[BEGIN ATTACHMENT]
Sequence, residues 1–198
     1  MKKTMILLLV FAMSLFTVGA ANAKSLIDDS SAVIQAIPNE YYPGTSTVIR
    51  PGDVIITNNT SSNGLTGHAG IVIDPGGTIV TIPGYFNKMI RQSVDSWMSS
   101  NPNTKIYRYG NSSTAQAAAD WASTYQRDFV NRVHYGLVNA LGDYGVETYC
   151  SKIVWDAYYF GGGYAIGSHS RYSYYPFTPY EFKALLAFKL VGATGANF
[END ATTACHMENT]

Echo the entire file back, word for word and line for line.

Sequence, residues 1–198
     1  MKKTMILLLV FAMSLFTVGA ANAKSLIDDS SAVIQAIPNE YYPGTSTVIR
    51  PGDVIITNNT SSNGLTGHAG IVIDPGGTIV TIPGYFNKMI RQSVDSWMSS
   101  NPNTKIYRYG NSSTAQAAAD WASTYQRDFV NRVHYGLVNA LGDYGVETYC
   151  SKIVWDAYYF GGGYAIGSHS RYSYYPFTPY EFKALLAFKL VGATGANF